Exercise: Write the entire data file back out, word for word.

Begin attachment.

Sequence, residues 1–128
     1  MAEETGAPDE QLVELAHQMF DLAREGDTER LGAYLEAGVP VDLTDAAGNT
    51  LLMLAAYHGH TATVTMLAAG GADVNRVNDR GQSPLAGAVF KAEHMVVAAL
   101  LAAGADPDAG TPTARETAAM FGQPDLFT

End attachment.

Sequence, residues 1–128
     1  MAEETGAPDE QLVELAHQMF DLAREGDTER LGAYLEAGVP VDLTDAAGNT
    51  LLMLAAYHGH TATVTMLAAG GADVNRVNDR GQSPLAGAVF KAEHMVVAAL
   101  LAAGADPDAG TPTARETAAM FGQPDLFT